Don’t Be in Denial: When a loved one shows signs of dementia it’s common for their friends and loved ones to be in denial. It’s easy to ignore the symptoms, make excuses for the person, and push the symptoms to the back of your mind. The problem with denial is it doesn’t lead you to take your loved one to a primary care physician or neurologist for a complete workup. Sometimes dementia is caused by health issues other than Alzheimer’s. Some of those problems can be treated or even reversed.
Don’t Ask “Do You Remember?” Asking a person with Alzheimer’s if they remember something is a common mistake. They have probably forgotten the event in question. That’s what people with Alzheimer’s do. They forget. So it’s better to say, “I remember when . . . ” and then tell them a story.
Don’t Argue With or Contradict the Person: If you’re caring for someone with dementia it’s so easy to contradict or argue with them when they say things that are total nonsense. And they typically say a lot of things that fall into this category. But it’s much better to agree with them and then change the subject. This can prevent a nasty argument.
Don’t Delay Nursing Home Placement When It’s Clearly Needed: At some point it may (but not always) become evident that you can no longer care for the person at home. Mid- to late-stage patients need nursing staff and aides 24 hours a day and a physician on call at all times. They also need a dietician, a cook, a housekeeper, an activity director and many more professionals. And they need to have people around them to provide social stimulation. Sometimes placing the person in a reputable institution is indeed the most loving choice for the patient.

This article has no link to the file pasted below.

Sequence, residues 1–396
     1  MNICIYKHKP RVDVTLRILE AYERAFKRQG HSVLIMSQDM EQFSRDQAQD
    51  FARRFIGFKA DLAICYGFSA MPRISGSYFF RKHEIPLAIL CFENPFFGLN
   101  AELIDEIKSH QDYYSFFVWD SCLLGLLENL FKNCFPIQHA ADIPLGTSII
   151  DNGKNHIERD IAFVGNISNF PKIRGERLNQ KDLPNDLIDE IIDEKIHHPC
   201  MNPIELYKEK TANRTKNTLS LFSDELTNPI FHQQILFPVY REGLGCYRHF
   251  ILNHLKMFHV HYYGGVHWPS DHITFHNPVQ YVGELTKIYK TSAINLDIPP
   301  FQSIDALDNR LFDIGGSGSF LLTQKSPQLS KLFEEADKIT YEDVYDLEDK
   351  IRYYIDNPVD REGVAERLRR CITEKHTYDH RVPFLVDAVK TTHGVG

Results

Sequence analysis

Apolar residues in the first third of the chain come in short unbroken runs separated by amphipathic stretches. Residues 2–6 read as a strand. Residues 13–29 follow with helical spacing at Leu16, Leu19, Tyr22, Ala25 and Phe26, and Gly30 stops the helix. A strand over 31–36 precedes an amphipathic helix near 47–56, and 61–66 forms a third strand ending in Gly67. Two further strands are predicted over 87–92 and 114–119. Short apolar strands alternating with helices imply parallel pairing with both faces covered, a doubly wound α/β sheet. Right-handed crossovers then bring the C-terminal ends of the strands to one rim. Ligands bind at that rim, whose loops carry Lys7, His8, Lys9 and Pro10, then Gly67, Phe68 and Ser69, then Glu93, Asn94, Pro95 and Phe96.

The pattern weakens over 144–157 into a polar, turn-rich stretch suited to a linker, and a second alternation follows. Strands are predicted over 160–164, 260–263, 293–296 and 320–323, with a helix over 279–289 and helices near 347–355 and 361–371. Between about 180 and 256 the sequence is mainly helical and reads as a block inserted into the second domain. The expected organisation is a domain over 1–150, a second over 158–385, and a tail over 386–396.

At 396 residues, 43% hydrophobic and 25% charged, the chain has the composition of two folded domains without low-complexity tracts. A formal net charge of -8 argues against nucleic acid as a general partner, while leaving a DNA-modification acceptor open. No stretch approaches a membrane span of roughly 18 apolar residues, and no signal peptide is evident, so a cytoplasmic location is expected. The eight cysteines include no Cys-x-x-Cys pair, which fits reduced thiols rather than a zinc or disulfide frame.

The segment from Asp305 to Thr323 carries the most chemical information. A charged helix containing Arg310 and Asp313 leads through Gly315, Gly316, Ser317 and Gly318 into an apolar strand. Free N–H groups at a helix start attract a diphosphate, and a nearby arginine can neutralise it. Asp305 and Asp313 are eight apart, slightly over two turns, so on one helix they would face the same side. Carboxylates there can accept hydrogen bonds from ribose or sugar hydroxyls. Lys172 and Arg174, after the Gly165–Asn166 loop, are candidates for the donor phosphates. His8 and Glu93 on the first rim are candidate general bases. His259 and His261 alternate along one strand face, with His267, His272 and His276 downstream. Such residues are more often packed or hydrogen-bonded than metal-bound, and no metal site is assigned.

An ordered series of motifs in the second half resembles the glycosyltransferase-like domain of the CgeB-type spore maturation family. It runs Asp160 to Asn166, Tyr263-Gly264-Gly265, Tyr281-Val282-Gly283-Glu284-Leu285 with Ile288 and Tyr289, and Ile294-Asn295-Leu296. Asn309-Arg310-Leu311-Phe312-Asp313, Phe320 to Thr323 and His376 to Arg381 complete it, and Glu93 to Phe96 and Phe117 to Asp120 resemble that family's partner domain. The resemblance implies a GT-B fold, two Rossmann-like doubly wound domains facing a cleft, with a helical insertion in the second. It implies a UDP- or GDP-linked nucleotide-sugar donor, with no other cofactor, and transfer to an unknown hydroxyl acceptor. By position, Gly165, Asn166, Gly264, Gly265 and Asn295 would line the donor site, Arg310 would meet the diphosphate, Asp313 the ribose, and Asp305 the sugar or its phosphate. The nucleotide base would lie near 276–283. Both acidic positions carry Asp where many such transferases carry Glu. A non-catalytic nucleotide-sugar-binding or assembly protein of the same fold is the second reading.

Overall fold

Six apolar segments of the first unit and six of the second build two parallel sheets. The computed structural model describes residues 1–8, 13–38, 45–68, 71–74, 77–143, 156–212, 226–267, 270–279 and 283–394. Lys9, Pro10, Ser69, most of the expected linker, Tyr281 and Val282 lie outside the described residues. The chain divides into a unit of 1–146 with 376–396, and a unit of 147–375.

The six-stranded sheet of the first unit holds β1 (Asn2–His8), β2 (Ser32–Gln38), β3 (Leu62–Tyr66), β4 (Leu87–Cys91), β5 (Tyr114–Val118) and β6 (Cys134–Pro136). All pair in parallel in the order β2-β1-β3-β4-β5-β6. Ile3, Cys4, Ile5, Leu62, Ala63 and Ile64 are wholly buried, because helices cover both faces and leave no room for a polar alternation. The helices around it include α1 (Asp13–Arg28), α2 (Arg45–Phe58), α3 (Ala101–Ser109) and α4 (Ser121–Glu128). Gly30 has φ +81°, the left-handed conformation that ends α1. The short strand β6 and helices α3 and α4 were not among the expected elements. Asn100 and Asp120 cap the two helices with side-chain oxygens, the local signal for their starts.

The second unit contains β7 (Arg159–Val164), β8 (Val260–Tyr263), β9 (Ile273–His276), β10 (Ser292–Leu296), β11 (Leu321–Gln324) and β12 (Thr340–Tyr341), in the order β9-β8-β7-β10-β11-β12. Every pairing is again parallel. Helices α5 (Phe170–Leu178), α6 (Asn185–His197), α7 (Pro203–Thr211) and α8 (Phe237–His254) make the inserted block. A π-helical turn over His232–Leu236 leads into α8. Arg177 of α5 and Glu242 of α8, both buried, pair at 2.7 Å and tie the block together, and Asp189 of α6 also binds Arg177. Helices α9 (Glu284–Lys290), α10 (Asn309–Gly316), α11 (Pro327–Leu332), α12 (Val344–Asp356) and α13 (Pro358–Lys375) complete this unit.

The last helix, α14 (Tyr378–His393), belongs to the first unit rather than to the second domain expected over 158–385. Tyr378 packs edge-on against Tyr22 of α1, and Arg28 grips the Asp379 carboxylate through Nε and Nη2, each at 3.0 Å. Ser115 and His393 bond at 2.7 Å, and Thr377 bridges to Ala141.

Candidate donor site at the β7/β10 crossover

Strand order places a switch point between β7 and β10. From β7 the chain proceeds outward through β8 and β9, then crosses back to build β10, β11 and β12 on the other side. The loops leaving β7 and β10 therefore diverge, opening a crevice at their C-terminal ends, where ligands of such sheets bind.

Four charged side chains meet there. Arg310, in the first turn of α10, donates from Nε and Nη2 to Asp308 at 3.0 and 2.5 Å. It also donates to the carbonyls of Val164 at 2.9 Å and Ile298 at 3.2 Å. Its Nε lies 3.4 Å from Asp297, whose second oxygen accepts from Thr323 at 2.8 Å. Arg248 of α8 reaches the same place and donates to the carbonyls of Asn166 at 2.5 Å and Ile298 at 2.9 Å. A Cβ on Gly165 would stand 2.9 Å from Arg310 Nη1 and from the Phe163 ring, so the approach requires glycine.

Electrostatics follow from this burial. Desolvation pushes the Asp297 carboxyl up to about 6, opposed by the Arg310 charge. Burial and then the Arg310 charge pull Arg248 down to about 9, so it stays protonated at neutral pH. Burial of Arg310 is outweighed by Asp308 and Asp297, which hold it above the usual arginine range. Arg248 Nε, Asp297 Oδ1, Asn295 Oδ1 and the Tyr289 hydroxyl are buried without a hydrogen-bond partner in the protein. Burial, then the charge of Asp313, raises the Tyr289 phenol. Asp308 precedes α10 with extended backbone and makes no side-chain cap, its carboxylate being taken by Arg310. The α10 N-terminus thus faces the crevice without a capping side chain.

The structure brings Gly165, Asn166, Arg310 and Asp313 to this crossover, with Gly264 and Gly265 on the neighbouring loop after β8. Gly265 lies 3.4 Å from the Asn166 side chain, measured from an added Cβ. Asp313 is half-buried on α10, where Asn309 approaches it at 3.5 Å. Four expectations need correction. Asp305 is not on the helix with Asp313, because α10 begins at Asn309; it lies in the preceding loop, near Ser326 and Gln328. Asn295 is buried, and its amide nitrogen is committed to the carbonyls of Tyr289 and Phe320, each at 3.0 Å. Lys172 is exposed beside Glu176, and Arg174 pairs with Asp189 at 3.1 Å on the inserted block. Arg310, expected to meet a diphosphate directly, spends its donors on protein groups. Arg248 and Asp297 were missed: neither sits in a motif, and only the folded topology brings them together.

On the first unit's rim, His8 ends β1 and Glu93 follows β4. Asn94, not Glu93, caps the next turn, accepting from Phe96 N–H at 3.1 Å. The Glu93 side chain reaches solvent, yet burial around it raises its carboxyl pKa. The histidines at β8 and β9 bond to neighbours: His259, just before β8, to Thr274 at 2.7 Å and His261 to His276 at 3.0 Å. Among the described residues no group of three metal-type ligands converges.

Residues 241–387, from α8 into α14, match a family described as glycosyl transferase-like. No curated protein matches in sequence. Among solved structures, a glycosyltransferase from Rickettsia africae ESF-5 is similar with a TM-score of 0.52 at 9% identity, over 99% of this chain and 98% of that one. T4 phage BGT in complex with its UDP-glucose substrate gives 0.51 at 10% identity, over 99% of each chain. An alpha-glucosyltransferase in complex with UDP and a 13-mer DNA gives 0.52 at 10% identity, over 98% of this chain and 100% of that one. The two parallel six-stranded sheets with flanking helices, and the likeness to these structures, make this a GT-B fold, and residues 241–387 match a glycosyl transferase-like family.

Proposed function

Don’t Stop Visiting When Your Loved One No Longer Recognizes You: Many people think that there’s no reason to visit a loved one who no longer recognizes them, but I am firmly convinced that you should visit anyway. First of all the person may enjoy being visited even if he or she doesn’t quite know who is visiting them. More importantly, it’s possible that the person does recognize you but simply isn’t able to say so.
Do any of you have suggestions of other things an Alzheimer’s caregiver should never do?